Peyton Burdick, OF – 2019 third round pick got off to a scorching start helping lead Clinton to the finals and taking home the Class A MVP. Standing at 6’ 0″ and weighing 210 pounds is not your typical body type for OF prospects, but Burdick’s bat speed paired with his towering strength and his smooth right-handed stroke entitled him to have the best power in the 2019 college class. His bat will allow him to hit a ball out of any ballpark. He is aggressive at the plate leading to some strikeouts but he also has the batting eye to talk a walk. With further development I could see much improvement on the contact part of his batting approach. His 2019 stat line speaks for itself. In 260 at-bats he hit 35 XBH with a .308 AVG, .407 OBP, .542 SLG and a .949 OPS! Being a bit of an older prospect I expect him to move quickly through the system assuming he keeps producing. MLB ETA: 2022


Jerar Encarnacion, OF – Encarnacion made the cut to be on the 60-man summer roster after a fantastic 2019. Signed back in 2015 out of the Dominican Republic, his first taste of pro-ball came in 2016. Things didn’t appear to click until last year for the 6’5” 239 pound right hander due to a myriad of nagging injuries to start his career. Jerar’s calling card is his excellent bat speed paired with his size and strength that give him plus raw power to all fields. He has improved his plate discipline and shortened his swing to make more consistent contact. Highlights from last year include homering in the Class A Midwest All-Star Game and hitting a significant grand slam in the AFL Championship game (off now teammate Sterling Sharp) that proved to provide the runs needed for the victory. I expect that he will continue to develop his batting eye and I look for him to begin 2021 in Jacksonville. MLB ETA: 2022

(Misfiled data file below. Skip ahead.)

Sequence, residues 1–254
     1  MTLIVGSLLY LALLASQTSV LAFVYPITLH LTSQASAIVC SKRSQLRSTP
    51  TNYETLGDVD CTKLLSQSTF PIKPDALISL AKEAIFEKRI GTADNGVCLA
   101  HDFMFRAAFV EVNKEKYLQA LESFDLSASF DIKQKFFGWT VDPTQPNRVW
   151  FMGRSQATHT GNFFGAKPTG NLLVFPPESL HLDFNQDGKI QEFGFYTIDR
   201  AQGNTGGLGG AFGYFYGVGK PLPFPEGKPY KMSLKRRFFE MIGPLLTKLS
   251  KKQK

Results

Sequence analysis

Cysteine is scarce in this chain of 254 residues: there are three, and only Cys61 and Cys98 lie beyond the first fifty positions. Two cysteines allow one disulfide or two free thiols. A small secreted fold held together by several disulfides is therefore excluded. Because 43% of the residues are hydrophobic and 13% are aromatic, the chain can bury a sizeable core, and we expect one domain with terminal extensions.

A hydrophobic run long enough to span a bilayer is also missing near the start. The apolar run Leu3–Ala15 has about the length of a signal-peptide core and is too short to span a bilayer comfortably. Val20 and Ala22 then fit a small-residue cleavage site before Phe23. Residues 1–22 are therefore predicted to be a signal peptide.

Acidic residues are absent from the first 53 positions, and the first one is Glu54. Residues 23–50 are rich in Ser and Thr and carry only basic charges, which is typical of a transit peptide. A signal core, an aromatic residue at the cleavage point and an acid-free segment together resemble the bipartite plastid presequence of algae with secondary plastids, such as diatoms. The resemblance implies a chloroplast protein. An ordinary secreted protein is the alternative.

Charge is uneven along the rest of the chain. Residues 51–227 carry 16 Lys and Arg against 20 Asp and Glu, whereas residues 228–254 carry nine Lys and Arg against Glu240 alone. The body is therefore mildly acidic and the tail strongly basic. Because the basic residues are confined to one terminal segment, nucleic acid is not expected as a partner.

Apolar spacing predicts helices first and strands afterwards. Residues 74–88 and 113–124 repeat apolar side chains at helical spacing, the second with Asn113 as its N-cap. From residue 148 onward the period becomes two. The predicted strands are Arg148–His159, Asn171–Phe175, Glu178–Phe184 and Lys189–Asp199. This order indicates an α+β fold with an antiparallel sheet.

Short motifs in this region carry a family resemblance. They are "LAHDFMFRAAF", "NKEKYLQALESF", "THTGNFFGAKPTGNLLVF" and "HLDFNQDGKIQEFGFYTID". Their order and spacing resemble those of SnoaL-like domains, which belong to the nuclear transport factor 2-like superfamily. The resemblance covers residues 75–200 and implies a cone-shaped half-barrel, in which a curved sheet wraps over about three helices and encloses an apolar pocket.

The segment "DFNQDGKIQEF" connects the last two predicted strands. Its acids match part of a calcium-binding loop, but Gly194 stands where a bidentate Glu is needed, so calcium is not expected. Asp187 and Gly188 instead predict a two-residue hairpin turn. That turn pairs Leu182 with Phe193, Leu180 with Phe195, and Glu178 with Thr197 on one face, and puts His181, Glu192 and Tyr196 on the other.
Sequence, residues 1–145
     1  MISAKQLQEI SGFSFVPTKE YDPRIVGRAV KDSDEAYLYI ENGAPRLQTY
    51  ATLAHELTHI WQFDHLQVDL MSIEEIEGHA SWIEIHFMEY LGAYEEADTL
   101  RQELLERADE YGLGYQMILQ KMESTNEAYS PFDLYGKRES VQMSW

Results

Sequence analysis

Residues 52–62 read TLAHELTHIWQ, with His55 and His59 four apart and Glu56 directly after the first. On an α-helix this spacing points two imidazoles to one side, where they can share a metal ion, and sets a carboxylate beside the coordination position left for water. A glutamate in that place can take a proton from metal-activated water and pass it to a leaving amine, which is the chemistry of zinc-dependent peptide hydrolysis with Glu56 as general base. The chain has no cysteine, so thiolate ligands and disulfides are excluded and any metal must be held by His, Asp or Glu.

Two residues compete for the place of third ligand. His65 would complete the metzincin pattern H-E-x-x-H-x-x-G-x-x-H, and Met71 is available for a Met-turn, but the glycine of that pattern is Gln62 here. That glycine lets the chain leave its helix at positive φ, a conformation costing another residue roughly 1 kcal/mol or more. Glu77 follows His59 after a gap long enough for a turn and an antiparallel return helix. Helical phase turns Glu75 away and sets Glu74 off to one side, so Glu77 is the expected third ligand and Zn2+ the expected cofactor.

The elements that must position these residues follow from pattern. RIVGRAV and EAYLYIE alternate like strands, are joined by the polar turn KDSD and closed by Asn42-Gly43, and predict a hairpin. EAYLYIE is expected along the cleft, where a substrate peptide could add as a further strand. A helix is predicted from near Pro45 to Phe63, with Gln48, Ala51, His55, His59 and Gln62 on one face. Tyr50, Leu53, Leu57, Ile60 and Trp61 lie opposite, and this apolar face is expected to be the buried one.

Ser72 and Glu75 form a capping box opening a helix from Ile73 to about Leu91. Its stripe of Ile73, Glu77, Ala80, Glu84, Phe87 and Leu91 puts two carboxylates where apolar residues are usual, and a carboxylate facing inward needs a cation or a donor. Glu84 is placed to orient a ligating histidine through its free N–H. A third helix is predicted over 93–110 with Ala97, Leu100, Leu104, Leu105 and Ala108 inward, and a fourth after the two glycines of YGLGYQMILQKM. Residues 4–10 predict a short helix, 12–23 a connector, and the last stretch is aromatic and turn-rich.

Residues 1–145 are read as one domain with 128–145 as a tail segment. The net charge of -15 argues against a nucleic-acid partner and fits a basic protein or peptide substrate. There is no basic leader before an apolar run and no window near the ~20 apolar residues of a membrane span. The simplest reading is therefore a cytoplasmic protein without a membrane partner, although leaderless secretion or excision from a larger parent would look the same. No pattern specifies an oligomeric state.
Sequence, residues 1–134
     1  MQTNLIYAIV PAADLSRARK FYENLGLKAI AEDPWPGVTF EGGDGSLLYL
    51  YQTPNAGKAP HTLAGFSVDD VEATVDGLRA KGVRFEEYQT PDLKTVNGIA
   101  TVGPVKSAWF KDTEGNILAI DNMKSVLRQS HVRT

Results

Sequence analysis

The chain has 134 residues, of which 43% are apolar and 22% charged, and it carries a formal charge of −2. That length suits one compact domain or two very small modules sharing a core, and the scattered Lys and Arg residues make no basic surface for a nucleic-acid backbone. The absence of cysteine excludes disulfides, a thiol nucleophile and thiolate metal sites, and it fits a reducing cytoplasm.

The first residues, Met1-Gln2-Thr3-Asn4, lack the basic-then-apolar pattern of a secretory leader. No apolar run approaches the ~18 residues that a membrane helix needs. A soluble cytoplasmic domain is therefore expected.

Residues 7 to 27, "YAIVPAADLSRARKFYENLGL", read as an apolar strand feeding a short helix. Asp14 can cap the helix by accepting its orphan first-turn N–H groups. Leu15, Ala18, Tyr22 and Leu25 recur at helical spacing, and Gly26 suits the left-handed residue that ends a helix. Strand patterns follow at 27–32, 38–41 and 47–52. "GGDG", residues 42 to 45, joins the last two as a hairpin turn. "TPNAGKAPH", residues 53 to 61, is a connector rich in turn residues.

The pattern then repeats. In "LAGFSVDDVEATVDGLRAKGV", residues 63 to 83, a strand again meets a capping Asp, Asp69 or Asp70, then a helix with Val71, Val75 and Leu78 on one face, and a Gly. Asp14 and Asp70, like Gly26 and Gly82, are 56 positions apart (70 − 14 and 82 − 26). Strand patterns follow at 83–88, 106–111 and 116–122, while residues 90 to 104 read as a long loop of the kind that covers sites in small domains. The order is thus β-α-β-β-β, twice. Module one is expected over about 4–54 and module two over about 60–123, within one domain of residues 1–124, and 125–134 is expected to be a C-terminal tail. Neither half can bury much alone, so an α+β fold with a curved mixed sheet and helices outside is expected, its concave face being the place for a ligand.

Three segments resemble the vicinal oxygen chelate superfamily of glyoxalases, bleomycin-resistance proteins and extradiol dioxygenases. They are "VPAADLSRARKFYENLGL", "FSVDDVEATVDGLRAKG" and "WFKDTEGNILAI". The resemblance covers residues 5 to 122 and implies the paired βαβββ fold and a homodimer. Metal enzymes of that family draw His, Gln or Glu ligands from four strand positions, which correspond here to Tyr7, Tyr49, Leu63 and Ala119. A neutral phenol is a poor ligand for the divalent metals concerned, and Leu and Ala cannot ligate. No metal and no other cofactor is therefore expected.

Alex Vesia, LHP – Vesia was drafted back in 2018 in the 17th round but has made the most of his opportunity thus far. In 2019 he challenged Sixto Sanchez for Marlins Minor League Player of the Year. In 52 games (100 innings) he had 138 K with a 1.62 ERA and a 1.01 WHIP while converting 5 of 6 save opportunities. The 24-year-old, 6’1”, 209 pound left handed relief pitcher has a fastball that tops out at 97 MPH. Pair that with a tricky delivery and high spin rates, the pitch seems to be out of this world. He has a solid change that he operates in the lower 80’s and he has to work on his curve to elevate his arsenal to be in consideration for high leverage situations. He is very good versus right handed hitters but with the development team in Miami I think that we could see him making an impact sooner rather than later. MLB ETA: Late 2020


Evan Edwards, 1B – Edwards was a 4th round selection (111 overall) out of North Carolina State in the 2019 MLB Draft. Coming out of college he played in every game and did not commit an error. He also held a 35-game stretch where he reached base safely. Evan led his college team in RBI (60), walks (51), and OBP (.455), and he came in 2nd in average (.330), runs (59), hits (76), doubles (17), HR (14), TB (139) and slugging percentage (.604). What’s impressive is that all the stats came from a total of 230 at bats. He was productive but how would that translate to pro ball? In 44 more at bats as a pro he held his own hitting .281 with a .357 OBP, 50 RBI, 30 walks, 83 strikeouts and 25 extra base hits. He is the second first baseman on this 10 to watch list, but he has the makings of a special player. On the field and he has a simple short swing with a great batting eye and he understands the game of baseball. Also, he is better on defense then any 1B I have seen in a while. MLB ETA: 2022

Breidy Encarnacion, RHP – Standing at 6’3” this right hander excelled in his first year of pro-ball. Encarnacion showed excellent control on the mound limiting the walks and keeping hitters off guard as evidenced by his 0.83 WHIP and 57 strikeouts in 47 innings. His 3 pitch mix of fastball, curve, and change play well with his above average command. His fastball tops out at 94 but it feathers a high spin rate, riding up in the zone, which will become a devastating pitch once he increases the velocity. He will need to bulk up a little but he repeats his delivery well and is advanced for a 19-year-old international signee who was overshadowed by the Mesa brothers signings. MLB ETA: 2023

Special thanks to @fishstripes, @JWeisser88, @KingOfBuffalo, @cory5ott, and @FlaSmitty for the tweets.